Usually as spring approaches, I start dreaming about lazy summer days, looking forward to fun in the sun. This year, however, I think I may be getting more and more excited about late summer because—if you haven’t heard—there’s going to be a total solar eclipse on August 21, 2017. What’s a total solar eclipse, you might ask?
Well, when the Moon lines up just right in between the Earth and the Sun, the Sun’s light gets blotted out by the Moon, which can be observed along a narrow path across the Earth’s surface. According to space.com, normally the Moon can’t block out the Sun because the Sun is so humongous in comparison to the Moon, but because the Moon is so much closer to the Earth than the Sun is, under these certain conditions—like when a total solar eclipse occurs—the little Moon is able to completely block out the gigantic Sun.
So, where will you be able to see this year’s total solar eclipse of the Sun by the Moon? If you’re in the United States, it will pass from the west coast to the east coast through Oregon, Idaho, Wyoming, Nebraska, Kansas, Missouri, Illinois, Kentucky, Tennessee, Georgia, North Carolina and South Carolina. A few other areas close to America will be able to see it as a partial eclipse. (A partial eclipse is one where the moon only partly covers the sun, which looks something like taking a bite out of it and the light will dim.)
If you happen to be somewhere along the path of totality at the time of the August 21st total solar eclipse, you should be able to observe the Moon completely cover the Sun, leaving only the Sun’s corona—that area of gases that surrounds the Sun—visible for a short duration. Some other terms you might hear tossed about are umbra, penumbra, and new moon.
Umbra means “shadow” in Latin; if you are in the umbra when the total solar eclipse happens, you will be in the path of darkest shadow where the moon will completely and totally black out the sun. This pathway is also called the path of totality. Penumbra is Latin for “almost” and if you are in the penumbra during the eclipse on August 21st, you will experience it as a partial solar eclipse with the moon only partially covering the sun. The sky will still darken, but the moon will not completely block out the sun in its entirety. And you may start to hear about new moons because solar eclipses like this one can only occur during a new moon. A new moon is one of the eight phases that the moon goes through every month; it is when the Sun shines on the side of the moon facing away from Earth so that it is not illuminated in the sky (like, say, the full moon phase is).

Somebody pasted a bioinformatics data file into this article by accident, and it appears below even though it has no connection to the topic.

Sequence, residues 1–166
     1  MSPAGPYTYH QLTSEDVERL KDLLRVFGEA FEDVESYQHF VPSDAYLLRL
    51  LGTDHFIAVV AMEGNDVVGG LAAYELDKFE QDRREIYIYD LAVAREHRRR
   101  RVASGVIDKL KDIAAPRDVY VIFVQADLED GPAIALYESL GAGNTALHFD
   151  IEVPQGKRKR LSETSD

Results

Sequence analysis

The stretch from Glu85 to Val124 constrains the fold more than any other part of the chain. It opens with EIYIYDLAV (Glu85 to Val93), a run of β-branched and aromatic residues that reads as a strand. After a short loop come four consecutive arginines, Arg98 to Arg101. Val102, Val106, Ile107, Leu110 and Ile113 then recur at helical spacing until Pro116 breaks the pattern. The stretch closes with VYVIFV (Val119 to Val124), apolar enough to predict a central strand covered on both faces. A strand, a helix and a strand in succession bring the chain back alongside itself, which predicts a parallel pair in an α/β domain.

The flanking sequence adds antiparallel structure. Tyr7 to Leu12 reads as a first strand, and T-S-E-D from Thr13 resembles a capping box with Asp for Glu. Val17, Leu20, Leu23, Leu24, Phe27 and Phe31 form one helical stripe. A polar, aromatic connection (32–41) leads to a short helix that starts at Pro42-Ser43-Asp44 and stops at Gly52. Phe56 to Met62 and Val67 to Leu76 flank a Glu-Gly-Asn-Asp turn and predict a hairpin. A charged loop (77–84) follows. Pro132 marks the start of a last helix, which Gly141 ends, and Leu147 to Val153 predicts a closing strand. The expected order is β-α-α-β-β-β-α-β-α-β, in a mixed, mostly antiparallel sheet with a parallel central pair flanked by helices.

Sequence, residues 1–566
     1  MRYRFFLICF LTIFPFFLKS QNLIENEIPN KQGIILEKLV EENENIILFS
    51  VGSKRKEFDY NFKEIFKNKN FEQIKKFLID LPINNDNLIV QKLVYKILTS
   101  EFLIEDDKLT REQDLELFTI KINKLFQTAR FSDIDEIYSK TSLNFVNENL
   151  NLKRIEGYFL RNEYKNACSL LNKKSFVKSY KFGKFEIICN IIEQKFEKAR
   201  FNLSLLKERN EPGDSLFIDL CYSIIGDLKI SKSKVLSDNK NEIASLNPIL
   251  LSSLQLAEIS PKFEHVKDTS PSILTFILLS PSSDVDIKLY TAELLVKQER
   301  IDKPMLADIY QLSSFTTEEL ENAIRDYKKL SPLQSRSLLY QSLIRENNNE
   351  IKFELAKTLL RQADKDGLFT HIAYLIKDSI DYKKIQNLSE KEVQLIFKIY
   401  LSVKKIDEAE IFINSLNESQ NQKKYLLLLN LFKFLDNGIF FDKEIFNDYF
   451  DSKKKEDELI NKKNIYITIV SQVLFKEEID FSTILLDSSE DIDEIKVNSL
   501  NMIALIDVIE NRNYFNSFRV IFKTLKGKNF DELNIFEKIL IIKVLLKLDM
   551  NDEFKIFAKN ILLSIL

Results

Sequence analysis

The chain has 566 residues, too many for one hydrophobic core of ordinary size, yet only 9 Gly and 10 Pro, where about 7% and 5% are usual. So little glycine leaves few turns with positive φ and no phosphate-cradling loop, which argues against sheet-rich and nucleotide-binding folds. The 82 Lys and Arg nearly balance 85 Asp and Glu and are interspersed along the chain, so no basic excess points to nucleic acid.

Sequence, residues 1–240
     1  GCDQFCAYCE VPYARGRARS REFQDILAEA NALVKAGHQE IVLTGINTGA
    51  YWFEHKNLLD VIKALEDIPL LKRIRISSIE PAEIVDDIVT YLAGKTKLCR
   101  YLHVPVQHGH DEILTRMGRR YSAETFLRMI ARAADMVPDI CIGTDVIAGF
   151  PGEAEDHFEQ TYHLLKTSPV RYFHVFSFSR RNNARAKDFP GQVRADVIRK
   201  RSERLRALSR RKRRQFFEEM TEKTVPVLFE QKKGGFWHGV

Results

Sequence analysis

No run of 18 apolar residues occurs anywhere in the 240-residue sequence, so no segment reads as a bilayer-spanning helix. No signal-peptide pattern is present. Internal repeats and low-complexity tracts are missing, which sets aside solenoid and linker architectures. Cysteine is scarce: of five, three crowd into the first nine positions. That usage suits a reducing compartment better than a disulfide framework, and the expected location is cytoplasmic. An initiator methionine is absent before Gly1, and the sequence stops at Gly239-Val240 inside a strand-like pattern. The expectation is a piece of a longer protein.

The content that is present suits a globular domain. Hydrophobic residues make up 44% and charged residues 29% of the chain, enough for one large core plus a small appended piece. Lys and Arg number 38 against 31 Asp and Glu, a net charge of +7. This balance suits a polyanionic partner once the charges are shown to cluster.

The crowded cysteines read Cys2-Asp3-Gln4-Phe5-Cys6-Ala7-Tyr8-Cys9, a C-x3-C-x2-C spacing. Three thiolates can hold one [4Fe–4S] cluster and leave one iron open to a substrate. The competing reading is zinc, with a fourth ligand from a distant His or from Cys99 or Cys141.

If you’re going to watch the total solar eclipse on August 21, 2017, be sure to do so safely! Do not even think about looking up gazing through your regular old sunglasses … remember how your mom warned you never to look directly at the sun? Well, it’s true—looking directly into the sun can cause permanent eye damage. Hence, you should only watch the solar eclipse using an approved solar filter. The methods I’ve heard of are: specially made eclipse glasses, using specially designed filters for cameras, telescopes and binoculars, or through a pinhole projector. Mr. Eclipse also has a great page explaining how to go about observing the total solar eclipse a little more thoroughly than I’ve mentioned.
Lastly, remember to check the weather forecast a couple of days in advance. It would really be a bummer if the place I plan to observe the eclipse from turns out to have clouds in the forecast all day long. Hopefully, I will be able to get myself to a (mostly) sunny location!
I hope August 21st will be a cloudless day for you, too! :)